- Make sure you know the top diligence questions, given the seller’s industry and company type. For example, billing and coding is a critical issue in healthcare deals, and contract-related revenue recognition is a frequent problem in construction services.
- Keep this list of initial diligence questions short (5 - 10 questions). You want enough insight to be comfortable that what the company is presenting is in alignment with what you’re seeing in the data, but you don’t want to overload the seller right out of the gate.
- Most importantly, immerse yourself in the seller’s industry. When developing your industry expertise, surround yourself with advisors with experience in the space. Consider reaching out to members of your network who have experience operating businesses in that industry.
- Deal-making is as much a people business as it is a financial transaction. The critical ingredients of deal success are constant communication and actively managing relationships between the seller (and the seller’s advisors) and the capital providers.
- The independent sponsor needs to be the quarterback. Educate the seller on your process and how you’ll bring investors to back you on the deal; manage the dynamics between the seller and the capital providers; and keep yourself in the center of the deal throughout the entire process.
- Make sure the sellers are spending money on the deal by hiring their own advisors who are completing documents on schedule, as this is an indication of the seller’s confidence and financial commitment.
- Know who the seller’s advisors are, and gauge their level of sophistication. Sometimes the de facto deal counsel is the seller’s corporate attorney or CPA, and that person might do a deal every few years, if at all. Advisors who are inexperienced in deal-making can make unreasonable demands that end up killing the deal.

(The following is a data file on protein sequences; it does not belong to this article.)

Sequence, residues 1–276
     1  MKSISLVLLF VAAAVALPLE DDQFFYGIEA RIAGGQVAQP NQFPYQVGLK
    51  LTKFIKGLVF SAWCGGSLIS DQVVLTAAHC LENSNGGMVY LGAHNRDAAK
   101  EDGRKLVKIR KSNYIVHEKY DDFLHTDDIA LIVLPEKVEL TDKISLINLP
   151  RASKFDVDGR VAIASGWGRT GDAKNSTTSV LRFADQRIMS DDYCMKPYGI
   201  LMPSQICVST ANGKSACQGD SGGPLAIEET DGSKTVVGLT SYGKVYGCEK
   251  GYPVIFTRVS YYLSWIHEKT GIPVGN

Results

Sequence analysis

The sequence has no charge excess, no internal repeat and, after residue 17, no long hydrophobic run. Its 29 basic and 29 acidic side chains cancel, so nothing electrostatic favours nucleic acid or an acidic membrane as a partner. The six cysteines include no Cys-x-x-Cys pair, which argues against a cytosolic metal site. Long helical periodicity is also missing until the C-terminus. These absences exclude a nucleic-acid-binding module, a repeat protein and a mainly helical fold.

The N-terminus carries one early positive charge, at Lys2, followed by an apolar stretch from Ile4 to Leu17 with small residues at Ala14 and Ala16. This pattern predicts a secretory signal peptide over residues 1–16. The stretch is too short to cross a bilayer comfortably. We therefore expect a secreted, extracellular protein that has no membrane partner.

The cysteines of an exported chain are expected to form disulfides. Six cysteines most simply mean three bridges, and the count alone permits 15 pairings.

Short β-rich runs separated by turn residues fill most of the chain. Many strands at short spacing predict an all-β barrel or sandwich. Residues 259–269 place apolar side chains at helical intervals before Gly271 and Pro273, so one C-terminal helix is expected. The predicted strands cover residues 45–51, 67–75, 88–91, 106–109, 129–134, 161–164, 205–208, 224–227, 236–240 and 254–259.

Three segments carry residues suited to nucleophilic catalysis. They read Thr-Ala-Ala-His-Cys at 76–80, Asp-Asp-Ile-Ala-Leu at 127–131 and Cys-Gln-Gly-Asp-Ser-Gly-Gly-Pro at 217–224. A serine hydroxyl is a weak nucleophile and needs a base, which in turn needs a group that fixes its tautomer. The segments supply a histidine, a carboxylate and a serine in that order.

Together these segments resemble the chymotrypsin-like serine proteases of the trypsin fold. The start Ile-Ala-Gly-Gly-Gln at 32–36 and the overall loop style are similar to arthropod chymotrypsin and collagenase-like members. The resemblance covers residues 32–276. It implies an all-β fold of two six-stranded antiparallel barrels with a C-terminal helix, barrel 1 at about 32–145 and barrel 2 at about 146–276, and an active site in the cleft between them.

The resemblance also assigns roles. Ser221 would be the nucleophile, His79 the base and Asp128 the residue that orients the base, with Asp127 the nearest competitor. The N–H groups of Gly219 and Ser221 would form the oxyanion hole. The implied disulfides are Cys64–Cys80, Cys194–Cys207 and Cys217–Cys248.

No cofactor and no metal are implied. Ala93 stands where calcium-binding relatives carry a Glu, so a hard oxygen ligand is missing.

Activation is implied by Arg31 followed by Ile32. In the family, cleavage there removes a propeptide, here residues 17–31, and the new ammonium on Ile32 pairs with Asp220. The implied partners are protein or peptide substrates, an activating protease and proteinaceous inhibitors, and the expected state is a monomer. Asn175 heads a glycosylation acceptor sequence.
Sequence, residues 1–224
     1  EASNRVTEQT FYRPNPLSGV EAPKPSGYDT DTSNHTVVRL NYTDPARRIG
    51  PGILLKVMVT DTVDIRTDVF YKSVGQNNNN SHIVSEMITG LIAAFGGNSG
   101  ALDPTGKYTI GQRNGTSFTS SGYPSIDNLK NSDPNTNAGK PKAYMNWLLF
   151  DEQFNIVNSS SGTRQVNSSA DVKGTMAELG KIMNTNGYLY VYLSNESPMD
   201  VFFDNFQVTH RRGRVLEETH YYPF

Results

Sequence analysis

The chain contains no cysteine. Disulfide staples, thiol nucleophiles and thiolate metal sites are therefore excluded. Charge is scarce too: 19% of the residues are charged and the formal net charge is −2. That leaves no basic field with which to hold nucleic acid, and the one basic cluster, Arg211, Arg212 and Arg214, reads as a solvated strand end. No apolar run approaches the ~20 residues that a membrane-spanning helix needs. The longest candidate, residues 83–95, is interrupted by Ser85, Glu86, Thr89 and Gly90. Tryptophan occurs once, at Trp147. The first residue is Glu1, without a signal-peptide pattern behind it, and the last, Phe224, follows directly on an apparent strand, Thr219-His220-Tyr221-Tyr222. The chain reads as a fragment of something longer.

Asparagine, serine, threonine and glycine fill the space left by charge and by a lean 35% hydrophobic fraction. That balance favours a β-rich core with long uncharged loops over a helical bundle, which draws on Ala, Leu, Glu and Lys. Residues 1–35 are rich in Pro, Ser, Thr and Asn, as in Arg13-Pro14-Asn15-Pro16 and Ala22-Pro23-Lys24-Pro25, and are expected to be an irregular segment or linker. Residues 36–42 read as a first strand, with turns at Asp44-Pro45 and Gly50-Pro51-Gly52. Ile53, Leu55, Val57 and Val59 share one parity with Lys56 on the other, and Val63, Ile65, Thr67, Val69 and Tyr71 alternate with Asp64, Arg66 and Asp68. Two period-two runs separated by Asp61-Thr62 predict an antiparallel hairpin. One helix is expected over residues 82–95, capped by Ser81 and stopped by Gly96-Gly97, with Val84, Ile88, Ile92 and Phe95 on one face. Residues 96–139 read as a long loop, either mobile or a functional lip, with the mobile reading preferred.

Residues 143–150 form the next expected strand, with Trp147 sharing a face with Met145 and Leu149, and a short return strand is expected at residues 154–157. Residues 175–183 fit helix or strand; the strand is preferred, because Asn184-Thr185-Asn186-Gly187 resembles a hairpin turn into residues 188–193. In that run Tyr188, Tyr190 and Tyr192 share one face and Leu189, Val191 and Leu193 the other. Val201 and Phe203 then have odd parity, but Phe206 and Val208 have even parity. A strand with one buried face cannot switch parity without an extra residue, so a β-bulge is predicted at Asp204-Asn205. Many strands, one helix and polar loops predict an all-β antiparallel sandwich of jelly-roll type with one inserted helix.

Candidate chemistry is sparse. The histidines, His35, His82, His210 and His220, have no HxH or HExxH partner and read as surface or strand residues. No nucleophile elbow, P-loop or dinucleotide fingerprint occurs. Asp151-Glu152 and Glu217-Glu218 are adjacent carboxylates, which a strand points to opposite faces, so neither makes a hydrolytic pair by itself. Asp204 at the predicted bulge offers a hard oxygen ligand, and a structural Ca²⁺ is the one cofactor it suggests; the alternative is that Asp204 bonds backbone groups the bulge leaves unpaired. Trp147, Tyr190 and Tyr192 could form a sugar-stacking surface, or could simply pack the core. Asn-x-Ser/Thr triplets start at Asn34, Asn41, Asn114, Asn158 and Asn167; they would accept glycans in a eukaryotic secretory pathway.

- When the seller is selecting deal counsel, suggest some firms that are the right size from a financial perspective and have seen enough deals to have the right level of sophistication. Often the seller won’t have anyone in mind and will appreciate those recommendations.
- Asking for expense reimbursement in the event the seller has a change of heart can sometimes vet out how serious someone is. An expense agreement isn’t necessarily a tool for submitting claims in the case of litigation; rather, it provides you with the comfort of knowing that the sellers are committed to the process.
- When a capital provider walks, it’s important to be able to pivot quickly to keep the deal on track. That’s why securing upfront interest from multiple capital providers is critical. At the end of the day, if you have a motivated seller, a capital provider walking is not going to kill the deal. You do have to answer the difficult question of why the provider walked away, and the timeline of the deal will likely be extended. But timing is almost never the thing that will kill the deal.
- Don’t underestimate the power of sellers’ wanting to get the deal done. This is not an easy process, and most sellers don’t want to walk away as it would mean they have to start the entire process all over again.
- The best way to mitigate deal risk is to ensure a strong relationship between the independent sponsor and the seller, and clear communication before and during the entire deal process.